Posted on: July 10th, 2012 by Jen Mueller

Talk Sporty to Me Blog“Please excuse the interruption,” said the voice of the cruise director, “but you might have noticed the ship stopped moving a short time ago.”

All the passengers in the dining room suddenly looked up from their dinners, put down their glasses of wine and waited for an explanation.

“It seems there’s an important soccer match happening right now between Spain and Italy, and our Italian ship captain is doing his best to get a television signal. If we stay in our current location all guests should be able to watch the match on the TV’s in their room,” the cruise director explained.

The dining room erupted with laughter, cheers and applause.

This is an actual event that occurred just last week toward the end of my family vacation.  We were just off the coast of Greece, preparing to drop anchor near Santorini.  The ship was full of passengers from all over the world.  I lost track of the number of languages I heard during my week on board, but there was no denying that news of the soccer match (although many on board would call it football) crossed all the language and cultural barriers.

I am often asked, “Why sports? Why are you so concerned with teaching people to talk about sports and become sports fans?” And the simple answer is this. It works.

As you saw in the example above it works when you’re trying to find common ground with multiple nationalities on a cruise ship.  But it also works when you’re trying to strike up a conversation with your coworkers and it works when you’re trying to further relationships with clients.

I can think of more than a dozen reasons sports topics, conversations and fandom is a valuable assent in relationships – both business and personal.   Here are the three that were most evident in the example from the cruise.

  1. Sporting events cross cultural differences.  Everyone on that ship came from a different background and different understanding of the world.  None of those differences mattered when it came to watching the match, the soccer fans on board just wanted to watch.  At work, your colleagues and coworkers each come from a different background and life experiences.  Sports can be a great way to find middle ground and find a common interest.
  2. Sporting events speak for themselves.  Upon turning on the soccer match in my room I discovered the broadcast was in Italian but it didn’t matter because I could follow the action by simply watching the match.  You don’t need to know sports jargon or any other language to be able to identify when the ball goes in the net for a score.  This is the case for many sporting events.  You’ll also run into situations where you don’t have the option of hearing the broadcast, like at a restaurant or bar, where a game might be shown on TV but the broadcast volume is not turned up.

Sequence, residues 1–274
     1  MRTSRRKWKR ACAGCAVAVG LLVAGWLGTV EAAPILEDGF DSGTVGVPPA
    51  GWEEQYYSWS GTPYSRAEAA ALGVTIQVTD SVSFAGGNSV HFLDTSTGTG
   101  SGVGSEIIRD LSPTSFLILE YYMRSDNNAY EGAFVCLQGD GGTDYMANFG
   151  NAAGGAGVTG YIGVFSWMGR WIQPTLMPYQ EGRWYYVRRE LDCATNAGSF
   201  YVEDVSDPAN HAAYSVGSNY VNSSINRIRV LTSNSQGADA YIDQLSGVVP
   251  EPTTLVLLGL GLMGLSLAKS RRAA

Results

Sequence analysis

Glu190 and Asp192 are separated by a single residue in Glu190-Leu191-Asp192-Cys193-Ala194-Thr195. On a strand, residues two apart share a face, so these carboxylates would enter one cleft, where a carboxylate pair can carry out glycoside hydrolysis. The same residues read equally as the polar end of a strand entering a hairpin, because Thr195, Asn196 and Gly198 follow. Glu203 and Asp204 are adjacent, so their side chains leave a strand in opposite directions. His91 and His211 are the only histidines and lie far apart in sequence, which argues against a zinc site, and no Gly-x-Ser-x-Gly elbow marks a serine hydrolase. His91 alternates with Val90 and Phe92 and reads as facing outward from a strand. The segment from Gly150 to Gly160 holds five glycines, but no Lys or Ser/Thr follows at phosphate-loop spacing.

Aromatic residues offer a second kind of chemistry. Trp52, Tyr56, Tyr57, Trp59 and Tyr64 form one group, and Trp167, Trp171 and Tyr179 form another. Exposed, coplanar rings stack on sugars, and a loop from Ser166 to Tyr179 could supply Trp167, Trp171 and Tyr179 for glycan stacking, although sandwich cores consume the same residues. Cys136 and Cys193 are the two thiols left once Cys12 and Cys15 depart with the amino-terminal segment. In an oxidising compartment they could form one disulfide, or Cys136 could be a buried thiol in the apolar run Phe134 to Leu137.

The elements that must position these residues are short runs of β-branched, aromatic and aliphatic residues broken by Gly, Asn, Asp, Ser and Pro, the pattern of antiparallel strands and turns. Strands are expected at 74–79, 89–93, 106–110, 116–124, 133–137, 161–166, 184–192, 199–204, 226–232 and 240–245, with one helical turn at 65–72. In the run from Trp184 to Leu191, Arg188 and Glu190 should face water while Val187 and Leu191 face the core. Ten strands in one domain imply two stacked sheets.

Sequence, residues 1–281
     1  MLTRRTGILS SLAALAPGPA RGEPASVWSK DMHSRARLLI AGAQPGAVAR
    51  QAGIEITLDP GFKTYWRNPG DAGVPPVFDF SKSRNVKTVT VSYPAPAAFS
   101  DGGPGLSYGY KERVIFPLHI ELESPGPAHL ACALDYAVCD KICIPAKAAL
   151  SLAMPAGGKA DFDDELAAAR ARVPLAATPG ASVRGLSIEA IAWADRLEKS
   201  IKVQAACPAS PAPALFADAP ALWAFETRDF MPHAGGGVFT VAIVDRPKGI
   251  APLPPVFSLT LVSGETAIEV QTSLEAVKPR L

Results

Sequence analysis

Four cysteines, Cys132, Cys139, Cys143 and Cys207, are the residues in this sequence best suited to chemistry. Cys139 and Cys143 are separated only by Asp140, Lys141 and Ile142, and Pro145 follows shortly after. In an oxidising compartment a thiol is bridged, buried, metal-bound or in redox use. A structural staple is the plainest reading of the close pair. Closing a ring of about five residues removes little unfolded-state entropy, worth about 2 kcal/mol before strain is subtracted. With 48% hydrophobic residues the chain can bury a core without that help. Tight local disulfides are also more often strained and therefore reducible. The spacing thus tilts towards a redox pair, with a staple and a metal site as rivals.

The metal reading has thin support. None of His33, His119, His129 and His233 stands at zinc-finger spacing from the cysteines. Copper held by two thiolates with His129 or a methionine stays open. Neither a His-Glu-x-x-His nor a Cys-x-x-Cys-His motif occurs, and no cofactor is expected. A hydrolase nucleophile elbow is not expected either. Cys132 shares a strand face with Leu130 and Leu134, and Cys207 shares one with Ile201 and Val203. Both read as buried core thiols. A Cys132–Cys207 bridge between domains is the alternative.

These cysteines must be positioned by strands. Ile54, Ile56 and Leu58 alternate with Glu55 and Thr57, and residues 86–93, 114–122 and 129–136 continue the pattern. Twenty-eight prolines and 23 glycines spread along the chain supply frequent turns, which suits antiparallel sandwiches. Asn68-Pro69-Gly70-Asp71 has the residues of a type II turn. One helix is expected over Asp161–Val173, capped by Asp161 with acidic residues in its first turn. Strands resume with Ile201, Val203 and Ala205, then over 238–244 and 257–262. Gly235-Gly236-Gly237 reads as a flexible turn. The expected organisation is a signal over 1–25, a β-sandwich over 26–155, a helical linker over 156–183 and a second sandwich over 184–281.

3. Young, old and everyone in between can participate.  There are no age requirements or restrictions when it comes to being a sports fan.  On the ship there were teenage children who were just as excited as several retired persons who were clamoring to watch the game.  There are many generational differences that can impact productivity and success in a workplace, finding common ground through sports an provide a good starting point for understanding difference points of view, and working forward.

If you’re already a sports fan, seek out ways you can use your fandom and knowledge to build better relationships this week.  For ideas on how this might come into play, read my weekly Conversation Starters blog and join my newsletter.

If you’re not a sports fan, consider a sport, player or event that interests you, or identify a person you work with who is interested in a particular sport, player or sporting event.   Spend a couple minutes thinking about how having that sport, player or sporting event as common ground would help your relationship.  Check out my blogs on Workplace Communication Tips for specific ideas and then take a peak at the Conversation Starters blog.


Jen Mueller, America’s Expert Talker, helps business professionals understand the sports conversations that happen every day at work.  She’s also helping them climb the corporate ladder through her program “What Do I Say?” Jen’s practical approach helps professionals join the conversations, sound intelligent, and understand how their communication skills can make ’em or break ’em in business.  Her conversation strategy comes from her 12 years of experience as a sports broadcaster.  Jen is available to speak for keynotes, presentations and workshops.  Contact for more information and read more at